The summer before my sophomore year at Akron High School, when I was fourteen, I wanted to work at Schafer Drug. I needed money, liked the soda fountain in the store, and knew work was the only sufficient excuse not to go fishing with my family.
I approached the owner/pharmacist, Rollie Schafer, and asked if he was hiring. A man of few words, he said, “No, maybe later.” I left, went back the next Tuesday and asked again. He said, “No, maybe later.” I’m not sure how many Tuesdays I asked, but he finally hired me.
I was thrilled. I was over-the-top elated.
The salary was $1.19/hour, and I was rich. I loved my job.
Marjorie, or Mrs. Schafer as we called her, stocked the store with jewelry, make-up, greeting cards, and unique knick-knacks for women to buy as bridge prizes. We made our vanilla ice-cream, served green rivers and double chocolate shakes, and our hot fudge sundaes were decadent.
I worked with my good friend Bonnie, as well as Judy, Janice, Becky, Rosalie and others I can’t recall. We had a blast. We sold product, made fountain drinks, and kept the shelves stocked. Dusting was not much fun.
Mrs. Schafer had trouble hearing, but she did not miss one word or giggle from the fountain. Every Christmas she gave us exquisite gifts wrapped in elegant boxes she decorated herself. I had never received such extravagance. I saved them for years.
Once, a man came to the register with horse tack, and said, “Charge it.” I said, “Okay,” as I reached for the charge book, “And your name is…?” Mr. Schafer bolted from behind the pharmacy counter, took over the transaction, and apologized, profusely. I did not know his name, and he was wealthy and prominent. I almost lost my job.
People with money were often given discounts, and the poor were not. An obviously impoverished woman came to the pharmacy with a prescription. Mr. Schafer took a bottle of Milk of Magnesia from the shelf, pasted on a prescription label, and charged the lady more than over-the-counter price.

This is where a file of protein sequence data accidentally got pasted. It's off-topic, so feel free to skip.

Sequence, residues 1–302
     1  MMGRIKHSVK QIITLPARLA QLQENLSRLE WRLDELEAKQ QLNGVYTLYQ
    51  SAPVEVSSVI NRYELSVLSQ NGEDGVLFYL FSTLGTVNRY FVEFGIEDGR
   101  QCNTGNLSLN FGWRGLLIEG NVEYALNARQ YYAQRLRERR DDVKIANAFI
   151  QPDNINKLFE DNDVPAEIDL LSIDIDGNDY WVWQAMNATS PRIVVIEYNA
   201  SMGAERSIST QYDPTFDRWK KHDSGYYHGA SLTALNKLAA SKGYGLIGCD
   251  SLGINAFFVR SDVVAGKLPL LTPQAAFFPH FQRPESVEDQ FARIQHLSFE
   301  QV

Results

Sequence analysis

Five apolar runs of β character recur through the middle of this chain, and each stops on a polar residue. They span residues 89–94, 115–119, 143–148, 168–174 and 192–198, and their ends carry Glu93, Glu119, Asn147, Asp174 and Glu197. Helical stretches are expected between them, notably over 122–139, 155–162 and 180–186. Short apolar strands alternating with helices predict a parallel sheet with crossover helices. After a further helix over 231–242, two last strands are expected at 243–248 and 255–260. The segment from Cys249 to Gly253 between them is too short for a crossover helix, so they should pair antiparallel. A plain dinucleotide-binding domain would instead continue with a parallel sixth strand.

Those experiences contributed to my being an advocate for equality. It seemed upside-down to elevate or discount a person based on money. Even as a teenager, it seemed backward, weirdly wrong.
Mrs. Schafer sent Bonnie and me to Denver on Amtrak for Dorothy Gray cosmetic and makeup training. We thought we made the big-times.
My favorite customer was Bill Beebout. He was a WWII vet, worked at the Akron News Reporter, sat at the east end of the counter, and always supported school fundraisers, even buying Football Mums for Homecoming.
I worked for Schafer’s throughout high school and summers during college. The experience was major in high school memories. Rollie and Marjorie passed away in 2007, as did my parents.
Tenacity, learned at fourteen by landing my first real job, still serves me well, most of the time.
Working continues to help me avoid what I don’t want to do.
Dr J’s Comments
I never know what is going to land on the paper as I write. My picture doesn’t fit my story, but it is a collage of high school pictures. Shows how we all looked in the early 60’s.